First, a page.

MOLA archaeologist excavating burials at Crossrail Liverpool St site

Crossrail sites reveal more exciting archaeology

MOLA team

MOLA archaeologists working on Crossrail have discovered rare evidence of humans living on the Thames 9,000 year ago, in southeast London.

The discovery of a Mesolithic ‘tool-making factory’ which included 150 pieces of flint, among them blades, were found at Crossrail’s tunnelling worksite in North Woolwich. It is believed that prehistoric Londoners were using the site to test, divide and prepare river cobbles used to make flint tools, before transporting them to another site to complete the tool-making process.

Crossrail Lead Archaeologist Jay Carver said: “This is a unique and exciting find that reveals evidence of humans returning to England and in particular the Thames Valley after a long hiatus during the Ice Age. It is one of a handful of archaeology sites uncovered that confirms humans lived in the Thames Valley at this time.”

Also discovered is the first piece of gold on the project, a 16th Century gold coin that was used as a pendent or similar, worn by the likes of wealthy aristocrats and royalty. Found at Crossrail’s Liverpool Street station site, it is unknown how such a precious and expensive gold item made its way to what was then regarded as a deprived area.

At Liverpool Street, archaeologists are also uncovering layers of London’s history including the 16th Century Bedlam burial ground and Roman London.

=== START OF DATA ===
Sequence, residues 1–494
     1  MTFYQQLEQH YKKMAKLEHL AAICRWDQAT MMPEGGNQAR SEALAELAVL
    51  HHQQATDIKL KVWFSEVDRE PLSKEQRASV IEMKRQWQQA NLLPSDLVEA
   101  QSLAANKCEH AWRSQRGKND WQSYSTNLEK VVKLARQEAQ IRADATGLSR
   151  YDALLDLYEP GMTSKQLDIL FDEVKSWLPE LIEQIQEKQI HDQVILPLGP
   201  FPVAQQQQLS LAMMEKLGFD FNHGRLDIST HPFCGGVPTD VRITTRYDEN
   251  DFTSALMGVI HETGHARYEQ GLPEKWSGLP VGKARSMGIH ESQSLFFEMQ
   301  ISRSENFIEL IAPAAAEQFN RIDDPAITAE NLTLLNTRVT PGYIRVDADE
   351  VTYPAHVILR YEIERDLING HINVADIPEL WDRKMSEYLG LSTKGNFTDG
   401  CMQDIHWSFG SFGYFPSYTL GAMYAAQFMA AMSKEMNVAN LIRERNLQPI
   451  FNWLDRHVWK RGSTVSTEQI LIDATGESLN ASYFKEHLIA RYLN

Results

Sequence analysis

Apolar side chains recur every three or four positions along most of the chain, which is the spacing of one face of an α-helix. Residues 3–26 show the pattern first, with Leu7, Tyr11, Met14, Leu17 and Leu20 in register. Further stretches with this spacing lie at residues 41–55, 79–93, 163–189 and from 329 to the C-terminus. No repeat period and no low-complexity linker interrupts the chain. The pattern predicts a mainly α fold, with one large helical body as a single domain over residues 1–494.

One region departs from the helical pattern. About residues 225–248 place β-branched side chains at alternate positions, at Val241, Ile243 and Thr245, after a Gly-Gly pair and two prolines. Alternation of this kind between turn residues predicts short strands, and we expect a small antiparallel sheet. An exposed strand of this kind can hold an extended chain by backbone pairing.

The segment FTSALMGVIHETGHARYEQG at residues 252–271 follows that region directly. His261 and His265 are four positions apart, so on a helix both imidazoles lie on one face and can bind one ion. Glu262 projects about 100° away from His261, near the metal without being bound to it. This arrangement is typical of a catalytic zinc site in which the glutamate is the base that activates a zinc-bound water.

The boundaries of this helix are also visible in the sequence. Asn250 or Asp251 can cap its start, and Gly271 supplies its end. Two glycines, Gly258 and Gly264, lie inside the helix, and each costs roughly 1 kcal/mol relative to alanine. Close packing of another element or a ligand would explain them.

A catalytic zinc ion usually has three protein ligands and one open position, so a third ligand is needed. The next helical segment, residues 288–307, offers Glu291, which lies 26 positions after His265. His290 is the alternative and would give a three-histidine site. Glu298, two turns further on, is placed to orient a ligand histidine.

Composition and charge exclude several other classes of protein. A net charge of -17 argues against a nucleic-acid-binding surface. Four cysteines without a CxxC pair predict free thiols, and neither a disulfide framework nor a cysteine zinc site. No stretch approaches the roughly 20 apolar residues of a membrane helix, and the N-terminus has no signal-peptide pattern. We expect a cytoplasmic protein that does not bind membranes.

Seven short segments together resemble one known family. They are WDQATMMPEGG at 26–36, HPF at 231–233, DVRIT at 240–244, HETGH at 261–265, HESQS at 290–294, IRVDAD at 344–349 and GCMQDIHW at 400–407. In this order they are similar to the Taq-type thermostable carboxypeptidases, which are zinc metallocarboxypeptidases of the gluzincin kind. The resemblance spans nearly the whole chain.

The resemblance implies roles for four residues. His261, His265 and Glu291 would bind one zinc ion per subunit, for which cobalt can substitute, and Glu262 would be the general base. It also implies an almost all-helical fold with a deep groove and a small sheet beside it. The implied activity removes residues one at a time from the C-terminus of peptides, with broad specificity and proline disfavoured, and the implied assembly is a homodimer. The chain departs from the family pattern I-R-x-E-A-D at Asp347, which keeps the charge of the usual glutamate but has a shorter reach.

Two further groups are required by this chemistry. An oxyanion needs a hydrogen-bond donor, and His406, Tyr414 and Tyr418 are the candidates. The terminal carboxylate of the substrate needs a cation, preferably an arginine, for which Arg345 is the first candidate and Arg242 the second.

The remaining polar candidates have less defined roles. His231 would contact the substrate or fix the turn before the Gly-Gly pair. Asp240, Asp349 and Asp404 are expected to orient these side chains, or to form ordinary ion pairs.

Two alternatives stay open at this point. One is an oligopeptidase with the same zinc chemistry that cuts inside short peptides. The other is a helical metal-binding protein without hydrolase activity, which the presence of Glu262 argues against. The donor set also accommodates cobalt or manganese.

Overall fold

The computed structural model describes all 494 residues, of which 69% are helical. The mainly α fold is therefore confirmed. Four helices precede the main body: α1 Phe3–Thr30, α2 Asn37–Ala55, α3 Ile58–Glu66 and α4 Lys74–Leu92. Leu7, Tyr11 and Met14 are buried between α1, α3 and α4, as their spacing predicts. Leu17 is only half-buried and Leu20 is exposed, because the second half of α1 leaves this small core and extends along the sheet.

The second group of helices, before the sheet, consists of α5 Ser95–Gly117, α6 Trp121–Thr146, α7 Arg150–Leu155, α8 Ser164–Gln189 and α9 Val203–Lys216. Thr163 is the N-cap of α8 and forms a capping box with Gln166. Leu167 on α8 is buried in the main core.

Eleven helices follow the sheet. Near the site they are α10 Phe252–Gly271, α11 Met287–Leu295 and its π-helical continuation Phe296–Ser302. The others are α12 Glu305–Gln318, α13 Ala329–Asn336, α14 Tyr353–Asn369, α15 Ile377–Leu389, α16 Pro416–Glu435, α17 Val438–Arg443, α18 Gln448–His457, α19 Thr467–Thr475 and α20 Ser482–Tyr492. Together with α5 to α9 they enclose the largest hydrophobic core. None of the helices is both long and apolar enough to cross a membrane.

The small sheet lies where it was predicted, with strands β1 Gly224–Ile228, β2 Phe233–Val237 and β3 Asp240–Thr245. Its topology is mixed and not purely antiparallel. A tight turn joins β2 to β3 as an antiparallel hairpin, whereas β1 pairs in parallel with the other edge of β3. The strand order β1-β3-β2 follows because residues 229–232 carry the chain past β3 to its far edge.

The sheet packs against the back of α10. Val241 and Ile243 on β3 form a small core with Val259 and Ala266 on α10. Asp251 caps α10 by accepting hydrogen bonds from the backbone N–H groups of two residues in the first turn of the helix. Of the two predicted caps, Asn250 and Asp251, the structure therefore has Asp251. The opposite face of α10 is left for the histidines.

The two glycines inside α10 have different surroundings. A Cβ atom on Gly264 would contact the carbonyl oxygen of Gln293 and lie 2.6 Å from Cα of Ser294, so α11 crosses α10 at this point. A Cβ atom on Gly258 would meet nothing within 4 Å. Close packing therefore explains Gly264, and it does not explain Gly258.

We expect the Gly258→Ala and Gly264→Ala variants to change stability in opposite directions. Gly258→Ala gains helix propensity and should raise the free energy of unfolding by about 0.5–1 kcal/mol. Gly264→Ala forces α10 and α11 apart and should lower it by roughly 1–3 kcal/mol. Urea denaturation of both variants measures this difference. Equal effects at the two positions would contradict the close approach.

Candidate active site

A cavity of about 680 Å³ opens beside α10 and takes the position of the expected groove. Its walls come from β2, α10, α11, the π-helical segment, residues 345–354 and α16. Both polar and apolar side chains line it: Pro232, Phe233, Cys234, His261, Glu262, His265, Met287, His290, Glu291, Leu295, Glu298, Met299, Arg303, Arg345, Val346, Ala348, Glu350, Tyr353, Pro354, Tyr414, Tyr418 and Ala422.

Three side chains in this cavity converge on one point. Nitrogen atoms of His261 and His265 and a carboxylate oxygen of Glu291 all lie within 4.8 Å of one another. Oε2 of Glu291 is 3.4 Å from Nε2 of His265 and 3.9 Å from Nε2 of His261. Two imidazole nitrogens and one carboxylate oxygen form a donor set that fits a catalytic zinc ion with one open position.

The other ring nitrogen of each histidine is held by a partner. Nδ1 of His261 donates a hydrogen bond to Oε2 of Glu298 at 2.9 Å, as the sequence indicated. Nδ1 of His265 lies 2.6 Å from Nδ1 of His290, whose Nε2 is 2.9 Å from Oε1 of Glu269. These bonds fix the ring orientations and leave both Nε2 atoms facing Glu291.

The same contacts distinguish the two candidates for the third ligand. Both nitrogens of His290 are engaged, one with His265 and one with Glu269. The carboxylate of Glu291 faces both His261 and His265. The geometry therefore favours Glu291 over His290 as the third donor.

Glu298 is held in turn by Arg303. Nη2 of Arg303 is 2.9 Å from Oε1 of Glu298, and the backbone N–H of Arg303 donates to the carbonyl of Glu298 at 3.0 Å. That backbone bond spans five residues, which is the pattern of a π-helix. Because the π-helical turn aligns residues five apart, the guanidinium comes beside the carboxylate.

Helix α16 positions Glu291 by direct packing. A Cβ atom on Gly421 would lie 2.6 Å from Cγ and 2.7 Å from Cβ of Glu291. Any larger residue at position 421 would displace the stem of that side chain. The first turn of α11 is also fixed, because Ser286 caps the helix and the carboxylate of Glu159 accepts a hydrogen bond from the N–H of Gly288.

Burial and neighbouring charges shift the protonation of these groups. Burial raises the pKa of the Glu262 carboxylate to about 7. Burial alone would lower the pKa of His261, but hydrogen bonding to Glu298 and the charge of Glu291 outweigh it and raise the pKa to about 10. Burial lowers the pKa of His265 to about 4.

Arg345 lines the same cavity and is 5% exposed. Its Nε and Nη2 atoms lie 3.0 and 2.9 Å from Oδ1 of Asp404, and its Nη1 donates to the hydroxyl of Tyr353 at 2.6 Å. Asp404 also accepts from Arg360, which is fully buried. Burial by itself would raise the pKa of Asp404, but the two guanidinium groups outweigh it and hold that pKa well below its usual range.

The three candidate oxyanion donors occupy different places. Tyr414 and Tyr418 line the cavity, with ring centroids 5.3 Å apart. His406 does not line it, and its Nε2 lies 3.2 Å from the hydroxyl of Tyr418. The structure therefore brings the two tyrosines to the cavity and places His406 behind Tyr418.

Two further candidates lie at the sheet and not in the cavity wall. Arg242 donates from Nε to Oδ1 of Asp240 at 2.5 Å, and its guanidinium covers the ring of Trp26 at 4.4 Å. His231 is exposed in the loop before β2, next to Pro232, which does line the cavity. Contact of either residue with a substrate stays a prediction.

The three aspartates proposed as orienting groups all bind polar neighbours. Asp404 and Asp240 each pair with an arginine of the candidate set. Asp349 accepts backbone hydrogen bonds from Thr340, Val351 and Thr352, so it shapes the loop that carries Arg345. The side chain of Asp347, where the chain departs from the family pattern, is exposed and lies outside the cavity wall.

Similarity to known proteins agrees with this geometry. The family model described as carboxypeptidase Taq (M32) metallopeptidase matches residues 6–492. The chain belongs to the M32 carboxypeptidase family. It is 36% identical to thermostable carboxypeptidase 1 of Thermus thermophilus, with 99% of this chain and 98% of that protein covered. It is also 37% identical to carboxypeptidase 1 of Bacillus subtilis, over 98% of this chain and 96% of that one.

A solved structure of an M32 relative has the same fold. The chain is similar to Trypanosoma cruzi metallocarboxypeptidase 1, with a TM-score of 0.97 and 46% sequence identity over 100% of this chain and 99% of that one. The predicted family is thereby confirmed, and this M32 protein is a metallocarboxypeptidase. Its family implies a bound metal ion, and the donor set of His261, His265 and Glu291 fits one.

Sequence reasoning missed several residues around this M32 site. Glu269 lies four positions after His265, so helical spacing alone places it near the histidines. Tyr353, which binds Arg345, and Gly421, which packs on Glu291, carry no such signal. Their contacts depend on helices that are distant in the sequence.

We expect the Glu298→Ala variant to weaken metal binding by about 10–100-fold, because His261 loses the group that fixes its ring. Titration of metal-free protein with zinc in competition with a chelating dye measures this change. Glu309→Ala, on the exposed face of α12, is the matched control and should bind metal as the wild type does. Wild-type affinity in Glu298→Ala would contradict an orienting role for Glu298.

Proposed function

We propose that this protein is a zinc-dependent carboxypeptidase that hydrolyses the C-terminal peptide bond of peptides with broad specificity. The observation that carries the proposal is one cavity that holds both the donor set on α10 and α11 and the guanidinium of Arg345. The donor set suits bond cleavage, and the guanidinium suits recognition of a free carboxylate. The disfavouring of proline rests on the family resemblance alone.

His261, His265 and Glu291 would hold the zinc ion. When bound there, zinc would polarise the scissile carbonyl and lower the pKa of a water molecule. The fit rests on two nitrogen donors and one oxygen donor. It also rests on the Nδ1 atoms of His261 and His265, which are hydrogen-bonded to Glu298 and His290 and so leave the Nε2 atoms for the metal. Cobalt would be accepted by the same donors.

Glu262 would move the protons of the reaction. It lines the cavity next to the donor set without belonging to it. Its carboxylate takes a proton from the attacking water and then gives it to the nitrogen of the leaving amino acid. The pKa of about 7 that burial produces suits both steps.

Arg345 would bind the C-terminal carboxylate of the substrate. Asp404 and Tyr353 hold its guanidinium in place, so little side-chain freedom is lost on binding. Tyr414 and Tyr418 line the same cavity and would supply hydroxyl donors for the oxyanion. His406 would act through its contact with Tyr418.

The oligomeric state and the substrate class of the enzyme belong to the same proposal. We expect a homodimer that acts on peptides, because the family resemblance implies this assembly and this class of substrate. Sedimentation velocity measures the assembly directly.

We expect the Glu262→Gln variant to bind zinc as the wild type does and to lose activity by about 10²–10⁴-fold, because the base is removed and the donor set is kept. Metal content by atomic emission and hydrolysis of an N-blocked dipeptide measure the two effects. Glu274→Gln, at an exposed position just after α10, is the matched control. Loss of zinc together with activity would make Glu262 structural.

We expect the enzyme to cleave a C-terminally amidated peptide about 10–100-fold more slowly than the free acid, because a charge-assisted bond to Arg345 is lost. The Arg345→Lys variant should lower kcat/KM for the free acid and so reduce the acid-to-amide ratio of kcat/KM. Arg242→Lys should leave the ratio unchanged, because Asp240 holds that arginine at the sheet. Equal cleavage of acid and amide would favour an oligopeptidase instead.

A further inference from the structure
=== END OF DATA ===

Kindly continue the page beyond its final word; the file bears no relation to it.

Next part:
An exceptionally well-made Roman road has also been uncovered, where a strange find of human bone in the foundations has surprised archaeologists. Roman horse shoes (hipposandals) have also been found in the road.

Archaeologists are hopeful that when they start large scale excavations to remove 3,000 skeletons from the 17th Century burial ground next year, they will also locate more of the Roman road, along with foundations of Roman buildings that stood alongside the road.

Jay Carver continued: “This location in the heart of Liverpool Street holds a rich deposit of archaeology that provides an insight into London’s history over the last 2,000 years. Work to relocate local utilities is providing us with a tantalising glimpse of important finds just a few metres below street-level. We plan to excavate the Bedlam burial ground next year and carefully remove up to 3,000 skeletons as well as excavate a wider area to unearth Roman London.”

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